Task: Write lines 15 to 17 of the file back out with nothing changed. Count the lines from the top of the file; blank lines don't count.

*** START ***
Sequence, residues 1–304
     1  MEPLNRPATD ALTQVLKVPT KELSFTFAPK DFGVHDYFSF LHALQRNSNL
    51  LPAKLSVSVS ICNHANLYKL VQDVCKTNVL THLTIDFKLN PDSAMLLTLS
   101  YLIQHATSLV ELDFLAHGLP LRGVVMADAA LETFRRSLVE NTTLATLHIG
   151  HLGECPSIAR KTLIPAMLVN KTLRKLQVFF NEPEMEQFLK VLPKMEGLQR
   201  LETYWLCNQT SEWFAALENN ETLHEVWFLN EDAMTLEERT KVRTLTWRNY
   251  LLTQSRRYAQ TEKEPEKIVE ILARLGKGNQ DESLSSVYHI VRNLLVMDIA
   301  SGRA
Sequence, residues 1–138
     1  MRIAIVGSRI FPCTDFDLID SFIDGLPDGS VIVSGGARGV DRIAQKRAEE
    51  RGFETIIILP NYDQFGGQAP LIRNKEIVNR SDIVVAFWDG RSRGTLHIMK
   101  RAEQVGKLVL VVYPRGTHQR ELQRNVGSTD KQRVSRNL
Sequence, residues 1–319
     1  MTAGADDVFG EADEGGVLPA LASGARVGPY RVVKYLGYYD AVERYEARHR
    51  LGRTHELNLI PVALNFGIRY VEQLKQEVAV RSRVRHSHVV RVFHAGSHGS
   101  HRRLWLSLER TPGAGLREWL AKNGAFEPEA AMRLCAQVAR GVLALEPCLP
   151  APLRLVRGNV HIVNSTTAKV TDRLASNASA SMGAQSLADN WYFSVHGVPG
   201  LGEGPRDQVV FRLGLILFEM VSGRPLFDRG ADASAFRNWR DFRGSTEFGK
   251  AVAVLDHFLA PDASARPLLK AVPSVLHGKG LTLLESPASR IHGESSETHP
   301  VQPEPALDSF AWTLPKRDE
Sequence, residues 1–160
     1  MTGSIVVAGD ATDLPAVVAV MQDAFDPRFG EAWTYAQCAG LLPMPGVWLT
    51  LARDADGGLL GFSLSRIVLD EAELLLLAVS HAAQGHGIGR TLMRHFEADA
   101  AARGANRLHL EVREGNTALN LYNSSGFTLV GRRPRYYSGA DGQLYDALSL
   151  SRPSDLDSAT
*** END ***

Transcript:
    51  LGRTHELNLI PVALNFGIRY VEQLKQEVAV RSRVRHSHVV RVFHAGSHGS
   101  HRRLWLSLER TPGAGLREWL AKNGAFEPEA AMRLCAQVAR GVLALEPCLP
   151  APLRLVRGNV HIVNSTTAKV TDRLASNASA SMGAQSLADN WYFSVHGVPG